But I’m Keeping My Mind
Time plays terrible tricks on rhetoric. A statement that might once have seemed self-evident or deeply insightful can, with passing years and changing circumstances, become stale, then dated and eventually ludicrous. The slogans of the seventies and the formulas of the fifties don’t always work in the here and now. They retreat from understanding, with social cues and passing references no longer able to carry the intended meaning. But they persist in a kind of Twilight Zone, uttered by those who want change yet don’t really know how to achieve it, or are relatively powerless to do so in one way or another.
If you think the rhetoric of revolution is dead in the developed world, you’ll need to think again. It’s alive, though barely, in some migrant worker organisations, and it surfaced here in Hong Kong recently.
Attending the opening session of an international migrant worker conference on the weekend I was in turn bewildered, amused, annoyed and finally, almost inevitably in hindsight, stunned by a barrage of rhetoric that I thought no longer had a place in political discourse. Raised voices, thumping on the lectern, fingers stabbing at the air, all these things shouted indignity at the capitalist world system, the ‘imperialist’ agenda of multinational business, the sins of the ‘bourgeoisie’ and the relentless ‘toil’ of comrades in struggle.
Now, regular readers of this blog will know that I’m very much supportive of migrant worker groups, and write often about the virtual commodification of domestic helpers here in Hong Kong. An image that will never leave me is my wife, crouched on the floor at 4 o’clock the Monday morning after we married, crying because she had to be back at work in an hour. That, and worse, is the constant outlook for the domestic helper in Hong Kong – few escape it and most are items to be used, and discarded when no longer needed.
Such is the exploitation inherent in the wage differentials between developed areas and those like my wife’s native Philippines, which is in the chronic grip of underdevelopment, mismanagement and the sheer avarice of massive corruption. When you move from the glare of poverty to the shadow of wealth your situation obviously improves, but we should never under-estimate the capacity of employers to sense vulnerability and exploit it.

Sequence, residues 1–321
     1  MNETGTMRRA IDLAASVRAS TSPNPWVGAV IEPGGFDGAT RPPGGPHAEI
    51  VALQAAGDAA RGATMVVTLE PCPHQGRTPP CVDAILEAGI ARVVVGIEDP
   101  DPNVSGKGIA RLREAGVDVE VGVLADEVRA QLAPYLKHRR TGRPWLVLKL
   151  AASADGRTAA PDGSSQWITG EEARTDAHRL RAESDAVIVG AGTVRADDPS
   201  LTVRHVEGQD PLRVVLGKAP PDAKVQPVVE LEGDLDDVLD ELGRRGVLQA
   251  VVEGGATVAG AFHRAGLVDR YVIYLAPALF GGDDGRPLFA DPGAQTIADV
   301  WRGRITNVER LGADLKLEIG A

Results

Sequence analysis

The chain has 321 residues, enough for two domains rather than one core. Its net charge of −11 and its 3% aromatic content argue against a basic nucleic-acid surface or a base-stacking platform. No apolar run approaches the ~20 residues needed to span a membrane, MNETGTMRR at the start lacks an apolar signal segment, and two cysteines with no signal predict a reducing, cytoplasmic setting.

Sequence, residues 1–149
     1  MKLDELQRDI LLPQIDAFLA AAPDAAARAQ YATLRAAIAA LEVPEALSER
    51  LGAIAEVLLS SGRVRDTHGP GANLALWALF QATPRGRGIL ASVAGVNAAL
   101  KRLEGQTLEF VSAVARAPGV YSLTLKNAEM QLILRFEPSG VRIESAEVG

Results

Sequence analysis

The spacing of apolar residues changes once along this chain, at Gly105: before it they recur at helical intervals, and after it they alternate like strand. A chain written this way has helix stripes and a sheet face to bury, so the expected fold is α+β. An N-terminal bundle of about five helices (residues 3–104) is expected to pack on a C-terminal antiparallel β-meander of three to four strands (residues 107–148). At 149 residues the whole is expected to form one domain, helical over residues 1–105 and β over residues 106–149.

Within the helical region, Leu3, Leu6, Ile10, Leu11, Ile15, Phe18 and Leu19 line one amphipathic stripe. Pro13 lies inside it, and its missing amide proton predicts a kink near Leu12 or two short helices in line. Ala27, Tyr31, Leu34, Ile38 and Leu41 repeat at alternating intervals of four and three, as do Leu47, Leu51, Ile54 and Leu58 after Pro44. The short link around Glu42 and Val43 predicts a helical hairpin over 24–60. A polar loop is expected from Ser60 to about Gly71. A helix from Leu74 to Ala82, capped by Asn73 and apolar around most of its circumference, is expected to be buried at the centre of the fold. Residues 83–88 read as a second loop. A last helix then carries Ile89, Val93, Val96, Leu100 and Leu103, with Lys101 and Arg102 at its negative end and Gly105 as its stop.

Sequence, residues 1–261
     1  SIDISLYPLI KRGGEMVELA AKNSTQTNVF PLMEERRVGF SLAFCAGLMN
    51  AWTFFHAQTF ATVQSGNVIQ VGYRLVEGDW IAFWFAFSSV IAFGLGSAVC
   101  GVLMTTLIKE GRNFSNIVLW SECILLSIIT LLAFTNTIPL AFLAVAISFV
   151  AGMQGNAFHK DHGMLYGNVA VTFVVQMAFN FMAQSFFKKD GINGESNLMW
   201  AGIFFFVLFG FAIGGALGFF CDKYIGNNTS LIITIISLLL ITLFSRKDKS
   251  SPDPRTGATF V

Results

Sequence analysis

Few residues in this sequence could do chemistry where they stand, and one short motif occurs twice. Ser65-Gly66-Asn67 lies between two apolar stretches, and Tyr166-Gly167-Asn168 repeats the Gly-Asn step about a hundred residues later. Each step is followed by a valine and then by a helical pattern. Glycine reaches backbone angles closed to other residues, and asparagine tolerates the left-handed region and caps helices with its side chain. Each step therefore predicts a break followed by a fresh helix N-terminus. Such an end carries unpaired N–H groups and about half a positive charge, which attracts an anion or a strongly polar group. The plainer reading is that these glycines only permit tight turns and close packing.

So, am I calling for a ‘socialist revolution’ as the keynote speaker at the conference did? Will I damn capitalist ‘colonialism’ and rail against the horrid injustice of ‘persecuting’ undocumented immigrants because that seems to be part of the same agenda? No, of course not. I’ll try to speak in a voice that explains – if only in snippets, stretched out over weeks and years – why situations need to change. The trick is to know you have an audience, to learn their language, and not to speak to yourself.
An audience of one, or at least an audience of one mind, will never want much more than fears confirmed and prejudices strengthened. During the conference one delegate read a paper that was so cinematic in its Stalinist dogma, so utterly forceful in its rhetoric of the oppressed but ill-defined ‘proletariat’ with barely a supportive example, that I recalled the Australian comedy Children of the Revolution – in which Old Joe himself (perhaps) fathers a future leader of the antipodean labour movement. The idea is at once ludicrous and seductive, a classic ‘what if?’ situation. But like the delegate’s, speech there’s no mistaking the displacement of credibility and the happy entrance of fantasy.
The terrible irony of this situation, so self-serving in its refusal to consider context, is that it speaks nothing of the migrant worker experience. One of the delegates in the opening session spoke of injury, rape and death amongst illegal Mexican workers in the US. Now these are important concerns, stretched tight in the contingent relations between farm subcontractors and undocumented labourers, but the conference quickly bounced back to time-worn slogans.
Why can’t we speak clearly about forms of injustice such as these? Do we need to appeal to ‘comrades’ in thought before anyone else? I’m reminded of another movie, Stephen Frear’s entirely unsentimental Dirty Pretty Things. Senay, a Turkish immigrant in London forced into sex with her supervisor, teams with Okwe, a Nigerian doctor working by day as a taxi driver and by night on a hotel’s front desk. The pair uncover an organ harvesting scam in the seedy establishment. Confronting the ‘legitimate’ doctor who has been performing the operations, they’re asked “how come I’ve never seen you before?” Okwe replies:
Because we are the people you do not see. We are the ones who drive your cabs. We clean your rooms. And suck your cocks.
The harshest words, and the most true, carry the least rhetoric. To be heard the voice must be direct, uncompromising but understandable, and thrown outward to make an audience think.
So next time I attend a conference at which rhetoric over-rides explanation, I’ll chant my equally simple mantra: ‘they can have my support, but I’m keeping my mind’. I have better uses for it yet.